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I’m now over at neighborhooddilettante.blogspot.com!

I’m still playing around with the coding, setting up my new profile, etc., so it still looks a little bare, but it’s definitely brighter. As soon as I’m settled in, I’ll begin to follow my editorial calendar and post regularly.

If you want to keep track of the blog, you’ll have to go to Blogspot and re-follow me there.

I’ve added my new address to Bloglovin’, IFB, and my Twitter.

Sorry for the inconvenience.

Hope to see you there!

N.

Start by Starting

Perfectionism is such an awful trait to possess when starting something — anything, really. It’s such a human quality to strive for something great and an even more human quality to be great at something you love; just to know you can throw your entire heart into it.

I was dreading taking my first pictures yesterday. From the time my alarm went off at five, to the time I left my last class at two, the only thing on my mind were those pictures. How am I supposed to pose? Please don’t let it be cloudy all day. What if I’m just not photogenic enough? I got dressed and went into my backyard to take pictures. Two little boys, no older than seven or eight had gone into the alley behind my house and started to yell and point and laugh. Inside, my pictures turned out grainy and overexposed and the table that I had been using as a makeshift tripod collapsed onto the floor and broke my camera, sparing the memory card.

Three hours after I began, I finally had shots to work with. And thus, with pressing the button to publish, I closed my eyes and exhaled.

To be absolutely clear, this is not an example of resilience or rising to the occasion or anything else that makes blogging sound like the hardest, most difficult job in the world. It’s a lesson of passion.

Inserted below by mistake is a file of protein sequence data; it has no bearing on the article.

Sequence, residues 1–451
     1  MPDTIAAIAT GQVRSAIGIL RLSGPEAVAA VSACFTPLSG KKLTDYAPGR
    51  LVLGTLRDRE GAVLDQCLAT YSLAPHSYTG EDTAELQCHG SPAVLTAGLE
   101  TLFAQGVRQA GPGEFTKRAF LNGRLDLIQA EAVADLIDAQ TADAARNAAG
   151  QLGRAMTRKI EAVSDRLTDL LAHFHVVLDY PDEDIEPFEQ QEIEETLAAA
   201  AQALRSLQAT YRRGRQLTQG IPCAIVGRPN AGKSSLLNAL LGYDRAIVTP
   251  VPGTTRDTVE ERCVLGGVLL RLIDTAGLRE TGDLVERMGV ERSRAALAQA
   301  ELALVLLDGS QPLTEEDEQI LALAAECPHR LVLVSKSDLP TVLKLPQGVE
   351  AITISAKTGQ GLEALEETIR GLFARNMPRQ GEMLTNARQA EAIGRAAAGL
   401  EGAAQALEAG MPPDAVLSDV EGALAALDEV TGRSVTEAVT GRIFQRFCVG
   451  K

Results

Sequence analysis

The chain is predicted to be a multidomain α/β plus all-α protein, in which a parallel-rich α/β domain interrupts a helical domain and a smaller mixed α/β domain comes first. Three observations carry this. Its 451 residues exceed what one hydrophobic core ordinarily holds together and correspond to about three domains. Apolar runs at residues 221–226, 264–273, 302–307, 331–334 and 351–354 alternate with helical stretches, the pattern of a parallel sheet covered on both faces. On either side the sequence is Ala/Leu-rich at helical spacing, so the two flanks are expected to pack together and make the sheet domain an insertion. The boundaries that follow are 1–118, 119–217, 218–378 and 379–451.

Months ago, reading Atlantic-Pacific and The Chriselle Factor would have put me off of blogging after my first try (much like I suppose drama students get turned off the moment they see Meryl Streep or Helen Mirren or Daniel Day-Lewis perform). But doing things even when they aren’t quite comfortable is essential if you love something enough. When you put your entire focus into work or something you love, maybe it won’t be perfect, but that’s the biggest part of the process: acceptance and love for what you do even though it might not be your best.

Needless to say, my first attempt at fashion blogging didn’t keep me up last night, because I could go to bed knowing I worked with what I was given. Fashion has given more to me than I could ever dream of and thus, I give back all I have to it, even if it made me break my camera in the process.

N.

An Official Start Header

An Official Start

If someone had told me a month ago that I would be starting a blog, I would tell them that if that thought should ever even enter my head, feel free to slap me square in the face. I would have probably said, “I don’t have the time,” or something along the lines of, “Is this a fashion blog I’m starting? Because all I have is a point-and-shoot,” and possibly, “Who am I to even think that people would want to hear what I have to say?”

Well. those statements are still very true and will continue to be true very far into the future.

I’ll tell you the truth and say that I still really don’t know what I’m doing. Although after posting some of my writing online about a week ago, I finally decided that maybe, it was time to just jump in and stop being so afraid. Of rejection, of not being able to do anything right, of all of my photos coming out very crappily (my auto-correct just told me that that crappily isn’t a word, but it stays).

So what is this all about? I really don’t know. Hence the dilettante part of the name because I seem to be the jack of all trades and a master of none. I write about many different things — mostly about my life, or rather, how I see the world. I write about my experiences, my passion (which at the current moment is fashion), anything and everything that I know.